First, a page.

And finally, you may find the following articles from the Convergence Training blog about safety and health management programs interesting or helpful:
- Safety and Health Management in 5 Steps (based on ANSI Z10 and OSHA’s new guidance)
- Safety and Health Management Best Practices (an overview of OSHA’s new guidance)
- The first article in our multi-article series on safety and health management (introduces several different standards and guidelines than look in detail at ANSI Z10)
- What Is a Safety and Health Management Program? (blog post based on current, soon-to-be replaced OSHA safety and health management materials, but there’s still a lot of good stuff in it)
Safety and Health Training for Your Employees: Compliance Requirements and Resources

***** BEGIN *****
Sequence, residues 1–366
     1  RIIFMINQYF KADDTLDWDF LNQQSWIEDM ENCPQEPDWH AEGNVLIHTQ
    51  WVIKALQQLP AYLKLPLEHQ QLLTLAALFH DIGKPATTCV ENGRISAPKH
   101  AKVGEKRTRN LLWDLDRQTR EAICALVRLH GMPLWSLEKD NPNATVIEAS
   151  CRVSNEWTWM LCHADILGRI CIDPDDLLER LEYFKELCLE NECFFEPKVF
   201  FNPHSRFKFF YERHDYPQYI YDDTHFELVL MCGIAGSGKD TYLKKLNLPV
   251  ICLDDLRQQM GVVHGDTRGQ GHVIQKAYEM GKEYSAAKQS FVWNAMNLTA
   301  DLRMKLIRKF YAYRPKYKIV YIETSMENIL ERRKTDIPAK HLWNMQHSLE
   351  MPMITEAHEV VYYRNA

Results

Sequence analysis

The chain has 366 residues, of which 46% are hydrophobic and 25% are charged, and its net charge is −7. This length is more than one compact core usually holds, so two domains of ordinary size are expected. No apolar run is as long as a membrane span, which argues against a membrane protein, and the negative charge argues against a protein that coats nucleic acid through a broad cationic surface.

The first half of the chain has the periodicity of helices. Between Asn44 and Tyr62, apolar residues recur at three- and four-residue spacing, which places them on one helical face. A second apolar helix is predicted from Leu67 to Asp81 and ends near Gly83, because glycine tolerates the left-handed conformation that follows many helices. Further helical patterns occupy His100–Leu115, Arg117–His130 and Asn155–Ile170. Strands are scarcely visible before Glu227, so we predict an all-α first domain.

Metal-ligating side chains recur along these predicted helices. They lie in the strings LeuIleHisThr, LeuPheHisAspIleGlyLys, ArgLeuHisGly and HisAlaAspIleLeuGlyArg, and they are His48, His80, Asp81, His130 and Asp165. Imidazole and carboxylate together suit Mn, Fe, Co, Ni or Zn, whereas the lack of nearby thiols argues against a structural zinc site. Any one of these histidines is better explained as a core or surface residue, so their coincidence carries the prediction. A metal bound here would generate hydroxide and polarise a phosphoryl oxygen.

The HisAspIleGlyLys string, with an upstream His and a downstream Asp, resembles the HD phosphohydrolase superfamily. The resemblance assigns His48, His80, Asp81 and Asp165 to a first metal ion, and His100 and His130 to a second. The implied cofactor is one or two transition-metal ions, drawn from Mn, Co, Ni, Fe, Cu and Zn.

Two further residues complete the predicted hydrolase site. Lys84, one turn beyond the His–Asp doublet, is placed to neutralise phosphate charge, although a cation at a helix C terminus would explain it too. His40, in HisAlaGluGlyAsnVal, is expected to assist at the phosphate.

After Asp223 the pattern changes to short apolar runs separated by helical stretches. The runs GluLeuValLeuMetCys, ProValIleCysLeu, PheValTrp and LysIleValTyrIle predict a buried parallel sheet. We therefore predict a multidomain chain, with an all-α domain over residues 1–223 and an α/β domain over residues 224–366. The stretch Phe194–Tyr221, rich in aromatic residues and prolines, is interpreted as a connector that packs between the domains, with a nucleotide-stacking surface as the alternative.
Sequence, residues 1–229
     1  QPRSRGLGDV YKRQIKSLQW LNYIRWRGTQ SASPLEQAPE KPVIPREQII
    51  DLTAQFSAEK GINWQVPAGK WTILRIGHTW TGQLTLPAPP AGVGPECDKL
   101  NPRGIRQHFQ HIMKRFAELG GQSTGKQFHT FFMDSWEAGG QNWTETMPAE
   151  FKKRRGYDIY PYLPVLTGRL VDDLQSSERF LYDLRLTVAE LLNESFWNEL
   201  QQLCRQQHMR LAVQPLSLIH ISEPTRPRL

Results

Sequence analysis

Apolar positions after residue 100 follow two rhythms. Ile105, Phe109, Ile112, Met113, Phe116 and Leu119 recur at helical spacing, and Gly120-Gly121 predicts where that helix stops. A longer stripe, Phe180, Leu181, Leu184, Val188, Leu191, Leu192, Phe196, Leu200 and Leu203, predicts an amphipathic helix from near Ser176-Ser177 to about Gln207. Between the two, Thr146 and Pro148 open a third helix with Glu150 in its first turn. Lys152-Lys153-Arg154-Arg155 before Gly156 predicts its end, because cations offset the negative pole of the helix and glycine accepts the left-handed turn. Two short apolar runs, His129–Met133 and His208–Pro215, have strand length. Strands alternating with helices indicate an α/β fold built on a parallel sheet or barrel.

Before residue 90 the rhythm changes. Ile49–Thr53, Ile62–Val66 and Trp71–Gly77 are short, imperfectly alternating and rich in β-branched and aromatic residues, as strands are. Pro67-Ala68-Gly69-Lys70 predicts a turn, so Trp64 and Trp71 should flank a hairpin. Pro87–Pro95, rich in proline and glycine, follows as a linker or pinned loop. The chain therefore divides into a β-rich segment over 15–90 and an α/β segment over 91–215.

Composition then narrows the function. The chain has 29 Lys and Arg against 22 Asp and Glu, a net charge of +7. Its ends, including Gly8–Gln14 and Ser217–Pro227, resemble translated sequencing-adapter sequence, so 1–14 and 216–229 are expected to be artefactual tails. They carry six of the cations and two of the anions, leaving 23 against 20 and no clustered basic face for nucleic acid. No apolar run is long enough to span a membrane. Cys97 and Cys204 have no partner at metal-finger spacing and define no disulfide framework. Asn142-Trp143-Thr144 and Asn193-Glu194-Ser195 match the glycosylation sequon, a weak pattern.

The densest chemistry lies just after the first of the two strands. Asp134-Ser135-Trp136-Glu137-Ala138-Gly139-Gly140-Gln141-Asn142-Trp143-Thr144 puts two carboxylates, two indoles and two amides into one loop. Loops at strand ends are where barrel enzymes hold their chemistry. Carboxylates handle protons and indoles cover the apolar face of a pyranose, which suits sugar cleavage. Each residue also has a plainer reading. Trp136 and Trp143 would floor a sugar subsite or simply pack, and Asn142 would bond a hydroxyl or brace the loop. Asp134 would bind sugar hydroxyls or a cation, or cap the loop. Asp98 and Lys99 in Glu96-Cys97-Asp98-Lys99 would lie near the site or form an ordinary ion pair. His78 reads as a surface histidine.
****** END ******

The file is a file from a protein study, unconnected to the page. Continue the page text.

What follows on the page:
Step 5 deals with providing proper safety and health training to employees.
OSHA provides a number of resources to help with this. One of the most important is this list of Training Requirements in OSHA Standards. This training guide can help you identify any training requirements that working through the OSHA Compliance Quick Guide as you’ve been doing has left uncovered.
In addition, OSHA provides the following resources:
- OSHA’s Training Resources page
- OSHA”s Training and Reference Materials page
- OSHA’s Outreach Training Program
- OSHA 10-Hour General Industry Outreach Trainer Presentations (free download)
- Training Materials Developed by OSHA’s Susan Hardwood Training Grant Program Grantees